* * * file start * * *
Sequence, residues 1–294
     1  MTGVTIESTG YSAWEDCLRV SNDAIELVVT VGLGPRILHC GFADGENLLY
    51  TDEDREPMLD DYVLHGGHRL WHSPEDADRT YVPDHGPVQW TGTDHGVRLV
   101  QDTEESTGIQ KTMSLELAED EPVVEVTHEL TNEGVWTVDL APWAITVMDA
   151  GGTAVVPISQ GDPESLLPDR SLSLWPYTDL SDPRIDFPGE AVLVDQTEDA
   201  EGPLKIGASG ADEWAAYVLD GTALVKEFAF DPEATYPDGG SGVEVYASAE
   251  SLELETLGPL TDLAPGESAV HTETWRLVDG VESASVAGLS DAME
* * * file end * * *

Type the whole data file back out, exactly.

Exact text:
Sequence, residues 1–294
     1  MTGVTIESTG YSAWEDCLRV SNDAIELVVT VGLGPRILHC GFADGENLLY
    51  TDEDREPMLD DYVLHGGHRL WHSPEDADRT YVPDHGPVQW TGTDHGVRLV
   101  QDTEESTGIQ KTMSLELAED EPVVEVTHEL TNEGVWTVDL APWAITVMDA
   151  GGTAVVPISQ GDPESLLPDR SLSLWPYTDL SDPRIDFPGE AVLVDQTEDA
   201  EGPLKIGASG ADEWAAYVLD GTALVKEFAF DPEATYPDGG SGVEVYASAE
   251  SLELETLGPL TDLAPGESAV HTETWRLVDG VESASVAGLS DAME